On May 24, Oregon Public Broadcasting published an article on salmon hatcheries in the Columbia River Basin. In response, the Council submitted a letter to the editor of The Oregonian/Oregon Live. The text of the letter, published July 10, follows:
Salmon hatcheries don’t deserve blame
As many salmon runs struggle in the Columbia River Basin, hatcheries are helping restore naturally spawning runs in combination with other mitigation actions including improvements to salmon habitat, fish passage at dams, and careful management of tribal and non-tribal harvest.
A recent article by Oregon Public Broadcasting and Pro Publica repeated long-stale criticisms of salmon hatcheries in the Columbia River Basin, blaming hatcheries for the current poor state of salmon abundance while ignoring the reasons we have hatcheries at all. We have hatcheries because more than 40% of the habitat where salmon once spawned no longer is available and most of what is left is not capable of supporting healthy, natural salmon production without help. Every hatchery facility in the Columbia River Basin exists to mitigate the impacts to fish habitat from the construction and operation of dams and other human developments. Using hatcheries to help mitigate these impacts is critical to support carefully managed tribal and non-tribal fisheries.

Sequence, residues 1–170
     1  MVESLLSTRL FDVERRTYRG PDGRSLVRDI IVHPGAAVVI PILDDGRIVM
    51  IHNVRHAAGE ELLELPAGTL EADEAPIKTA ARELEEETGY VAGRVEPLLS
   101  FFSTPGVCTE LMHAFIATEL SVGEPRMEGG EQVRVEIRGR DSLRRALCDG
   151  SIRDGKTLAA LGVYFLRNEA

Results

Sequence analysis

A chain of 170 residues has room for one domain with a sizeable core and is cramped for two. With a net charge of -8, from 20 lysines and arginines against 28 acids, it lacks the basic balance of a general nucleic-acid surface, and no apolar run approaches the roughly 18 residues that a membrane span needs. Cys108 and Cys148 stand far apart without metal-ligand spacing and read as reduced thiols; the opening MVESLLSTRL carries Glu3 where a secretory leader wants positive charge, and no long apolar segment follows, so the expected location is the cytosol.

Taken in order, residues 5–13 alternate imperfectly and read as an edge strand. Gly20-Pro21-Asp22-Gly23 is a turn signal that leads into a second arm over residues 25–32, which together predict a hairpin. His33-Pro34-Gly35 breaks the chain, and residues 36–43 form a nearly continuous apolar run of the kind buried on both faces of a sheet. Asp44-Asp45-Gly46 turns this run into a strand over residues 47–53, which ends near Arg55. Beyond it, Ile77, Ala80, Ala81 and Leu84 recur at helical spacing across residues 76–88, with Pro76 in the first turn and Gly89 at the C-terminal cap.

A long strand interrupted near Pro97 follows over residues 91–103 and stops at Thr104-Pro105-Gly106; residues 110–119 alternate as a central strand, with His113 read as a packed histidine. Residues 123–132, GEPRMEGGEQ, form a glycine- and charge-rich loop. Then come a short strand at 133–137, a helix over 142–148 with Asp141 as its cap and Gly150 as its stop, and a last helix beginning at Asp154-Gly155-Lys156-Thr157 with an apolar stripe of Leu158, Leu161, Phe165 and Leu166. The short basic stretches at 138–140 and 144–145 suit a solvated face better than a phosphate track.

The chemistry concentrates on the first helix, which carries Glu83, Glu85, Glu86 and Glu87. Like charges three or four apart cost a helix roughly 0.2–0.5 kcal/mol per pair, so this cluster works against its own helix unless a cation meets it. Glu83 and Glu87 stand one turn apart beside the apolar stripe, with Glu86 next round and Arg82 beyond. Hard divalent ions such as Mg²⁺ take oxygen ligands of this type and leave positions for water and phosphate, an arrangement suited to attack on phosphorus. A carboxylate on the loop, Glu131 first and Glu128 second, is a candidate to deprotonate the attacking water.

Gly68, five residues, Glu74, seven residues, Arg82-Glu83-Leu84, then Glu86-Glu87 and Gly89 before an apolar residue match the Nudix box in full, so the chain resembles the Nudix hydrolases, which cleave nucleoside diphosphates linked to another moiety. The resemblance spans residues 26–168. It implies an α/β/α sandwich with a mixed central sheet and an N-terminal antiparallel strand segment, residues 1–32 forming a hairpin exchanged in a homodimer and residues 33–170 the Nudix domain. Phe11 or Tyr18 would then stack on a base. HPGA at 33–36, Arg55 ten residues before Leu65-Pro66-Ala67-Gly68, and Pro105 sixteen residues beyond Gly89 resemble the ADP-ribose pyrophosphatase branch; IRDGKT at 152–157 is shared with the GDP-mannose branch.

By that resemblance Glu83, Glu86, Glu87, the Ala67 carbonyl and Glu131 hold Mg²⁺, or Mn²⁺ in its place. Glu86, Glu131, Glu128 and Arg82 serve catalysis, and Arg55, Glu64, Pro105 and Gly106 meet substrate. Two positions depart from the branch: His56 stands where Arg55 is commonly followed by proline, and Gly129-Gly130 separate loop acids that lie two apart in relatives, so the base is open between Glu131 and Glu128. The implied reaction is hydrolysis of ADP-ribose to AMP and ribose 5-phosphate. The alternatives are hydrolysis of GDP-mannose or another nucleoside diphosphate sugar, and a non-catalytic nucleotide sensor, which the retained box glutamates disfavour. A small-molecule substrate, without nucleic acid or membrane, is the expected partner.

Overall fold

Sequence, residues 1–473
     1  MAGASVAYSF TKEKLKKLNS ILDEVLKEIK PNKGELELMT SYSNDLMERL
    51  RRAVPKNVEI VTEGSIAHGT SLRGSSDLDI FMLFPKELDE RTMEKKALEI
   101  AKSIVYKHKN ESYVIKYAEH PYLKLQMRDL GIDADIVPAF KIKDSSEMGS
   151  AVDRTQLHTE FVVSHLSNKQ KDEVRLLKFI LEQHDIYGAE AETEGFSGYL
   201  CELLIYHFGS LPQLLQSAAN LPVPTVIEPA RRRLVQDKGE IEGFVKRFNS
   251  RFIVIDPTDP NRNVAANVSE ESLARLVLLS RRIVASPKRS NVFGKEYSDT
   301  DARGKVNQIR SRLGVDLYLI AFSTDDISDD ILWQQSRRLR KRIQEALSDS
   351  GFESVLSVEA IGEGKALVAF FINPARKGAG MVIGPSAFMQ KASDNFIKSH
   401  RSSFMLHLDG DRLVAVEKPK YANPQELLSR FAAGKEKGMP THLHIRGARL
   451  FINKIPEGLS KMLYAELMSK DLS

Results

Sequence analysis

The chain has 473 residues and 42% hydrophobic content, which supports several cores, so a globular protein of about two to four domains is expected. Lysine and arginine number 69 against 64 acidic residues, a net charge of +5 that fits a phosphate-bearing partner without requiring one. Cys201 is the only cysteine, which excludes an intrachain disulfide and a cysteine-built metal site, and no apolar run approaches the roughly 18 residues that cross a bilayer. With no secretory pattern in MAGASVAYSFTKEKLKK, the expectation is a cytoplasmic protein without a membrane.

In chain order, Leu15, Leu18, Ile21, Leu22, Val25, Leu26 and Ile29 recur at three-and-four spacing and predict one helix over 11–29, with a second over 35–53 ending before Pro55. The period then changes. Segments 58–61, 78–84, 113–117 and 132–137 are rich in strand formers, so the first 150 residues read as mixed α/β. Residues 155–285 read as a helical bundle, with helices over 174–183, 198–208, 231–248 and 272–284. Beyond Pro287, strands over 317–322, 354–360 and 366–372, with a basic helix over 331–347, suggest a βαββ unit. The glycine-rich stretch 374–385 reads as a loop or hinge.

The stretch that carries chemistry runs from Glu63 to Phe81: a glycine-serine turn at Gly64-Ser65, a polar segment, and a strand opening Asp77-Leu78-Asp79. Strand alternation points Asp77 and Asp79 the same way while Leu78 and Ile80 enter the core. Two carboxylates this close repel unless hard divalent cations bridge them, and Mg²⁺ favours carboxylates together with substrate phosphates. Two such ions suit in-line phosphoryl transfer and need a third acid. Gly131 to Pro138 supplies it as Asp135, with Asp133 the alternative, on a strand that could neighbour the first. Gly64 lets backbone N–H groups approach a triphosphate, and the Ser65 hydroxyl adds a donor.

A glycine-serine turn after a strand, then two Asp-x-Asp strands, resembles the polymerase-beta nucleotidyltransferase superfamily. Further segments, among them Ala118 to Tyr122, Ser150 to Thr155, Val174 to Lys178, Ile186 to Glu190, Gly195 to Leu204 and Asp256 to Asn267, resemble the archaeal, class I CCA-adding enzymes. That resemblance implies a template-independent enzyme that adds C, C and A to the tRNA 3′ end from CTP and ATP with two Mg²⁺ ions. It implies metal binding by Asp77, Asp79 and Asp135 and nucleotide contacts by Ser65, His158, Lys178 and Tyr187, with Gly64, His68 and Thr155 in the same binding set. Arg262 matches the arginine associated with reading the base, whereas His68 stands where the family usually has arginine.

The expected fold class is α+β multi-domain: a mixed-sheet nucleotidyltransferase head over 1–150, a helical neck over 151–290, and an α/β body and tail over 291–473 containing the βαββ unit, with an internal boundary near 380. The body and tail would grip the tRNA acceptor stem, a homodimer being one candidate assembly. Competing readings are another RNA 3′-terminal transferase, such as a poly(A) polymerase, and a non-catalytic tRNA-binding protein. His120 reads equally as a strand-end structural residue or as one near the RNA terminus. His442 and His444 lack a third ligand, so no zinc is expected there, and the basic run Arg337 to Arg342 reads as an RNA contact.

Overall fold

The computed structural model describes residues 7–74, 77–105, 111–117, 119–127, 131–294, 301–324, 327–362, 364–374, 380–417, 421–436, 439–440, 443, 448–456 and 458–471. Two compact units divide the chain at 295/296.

Modern hatcheries incorporate the benefits of science and make the difference between empty rivers and healthy runs.
Hatcheries fulfill objective such as providing fish for conservation-based fisheries, supporting re-introduction and restoration efforts, upholding treaty obligations to tribes, rebuilding natural salmon runs, and saving species from extinction.
The OPB/Pro Publica story implies that salmon would be better off without hatcheries.
However, doing nothing to help the fish and uphold tribal trust responsibilities would be irresponsible to the tribes, the fish and to the region.
Chair, Northwest Power and Conservation Council